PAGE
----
Stranded seals wreak havoc in Canada

http://www.bbc.co.uk/news/world-us-canada-46818238

An image of a captured seal provided by the local policeImage copyright
Marystown RCMP

Image caption

More than 40 seals have become stranded in the town of Roddickton-Bide Arm in Newfoundland

Dozens of seals have become stranded in a Canadian town, blocking traffic and the entrances to homes and businesses.

Two of the animals in Roddickton-Bide Arm, Newfoundland, died after being struck by a car. There are concerns others will starve to death.

It is against Canadian law to interfere with marine mammals such as seals.

The creatures became stranded after nearby waters suddenly froze over last week, preventing their return to the ocean.

Experts say the speed at which the bay froze over may have disorientated the animals and caused them to move inland instead of towards open waters.

Images posted on social media show the seals stranded on roads and large banks of snow.

“It actually feels like we’re being inundated,” the town’s Mayor Sheila Fitzgerald told CBC News.

“There’s seals on the road, there’s seals in people’s driveways, the backyards, the parking lots, the doorways, the businesses.”

There are growing concerns that the animals will starve to death unless they are taken to the ocean by wildlife officials.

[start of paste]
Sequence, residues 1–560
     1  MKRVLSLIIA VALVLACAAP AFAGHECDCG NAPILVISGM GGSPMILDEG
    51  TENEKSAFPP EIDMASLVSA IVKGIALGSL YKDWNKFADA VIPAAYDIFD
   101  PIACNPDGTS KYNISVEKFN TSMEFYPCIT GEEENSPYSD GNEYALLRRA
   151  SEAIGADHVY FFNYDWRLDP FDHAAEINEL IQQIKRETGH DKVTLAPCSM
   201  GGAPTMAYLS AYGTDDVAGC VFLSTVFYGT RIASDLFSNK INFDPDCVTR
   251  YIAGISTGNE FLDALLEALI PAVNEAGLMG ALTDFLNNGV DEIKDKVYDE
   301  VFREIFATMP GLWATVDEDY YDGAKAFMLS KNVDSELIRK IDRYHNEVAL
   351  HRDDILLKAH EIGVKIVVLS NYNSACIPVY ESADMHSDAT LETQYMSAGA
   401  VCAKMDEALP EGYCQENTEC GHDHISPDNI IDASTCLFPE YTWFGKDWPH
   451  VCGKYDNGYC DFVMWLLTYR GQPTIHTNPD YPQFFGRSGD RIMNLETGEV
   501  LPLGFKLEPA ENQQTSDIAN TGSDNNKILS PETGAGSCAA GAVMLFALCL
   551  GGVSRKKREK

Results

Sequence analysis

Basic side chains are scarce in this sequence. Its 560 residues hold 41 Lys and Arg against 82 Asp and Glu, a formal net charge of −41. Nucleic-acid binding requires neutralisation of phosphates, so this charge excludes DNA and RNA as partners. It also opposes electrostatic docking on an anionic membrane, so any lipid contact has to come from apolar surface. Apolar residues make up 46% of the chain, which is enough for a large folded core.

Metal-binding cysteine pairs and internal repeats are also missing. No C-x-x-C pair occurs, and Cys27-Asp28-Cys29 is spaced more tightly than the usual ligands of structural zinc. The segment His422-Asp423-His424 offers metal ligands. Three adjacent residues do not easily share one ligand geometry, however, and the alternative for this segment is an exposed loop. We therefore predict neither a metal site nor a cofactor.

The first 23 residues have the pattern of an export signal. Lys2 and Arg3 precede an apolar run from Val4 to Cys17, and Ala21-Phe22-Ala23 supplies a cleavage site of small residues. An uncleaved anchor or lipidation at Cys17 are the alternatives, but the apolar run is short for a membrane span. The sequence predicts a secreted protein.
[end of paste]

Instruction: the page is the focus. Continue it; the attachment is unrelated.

“They’re pitiful to look at. They haven’t eaten,” Mayor Fitzgerald said.

“They are 4 or 5 miles from the ocean and they are probably starving,” another witness wrote on Twitter.

The town’s council have asked for help from the Canadian government, and the hope is that officials from the Department of Fisheries and Oceans (DFO) will now intervene and rescue them.

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Roddickton-Bide Arm sits on a major seal migration route and people there are accustomed to seeing the creatures.

On Tuesday, the police said they had safely returned a seal to the ocean but warned against approaching them.

“[They] may appear to be friendly in nature, [but] it is very dangerous to approach or attempt to capture animals without proper equipment,” a Facebook post read.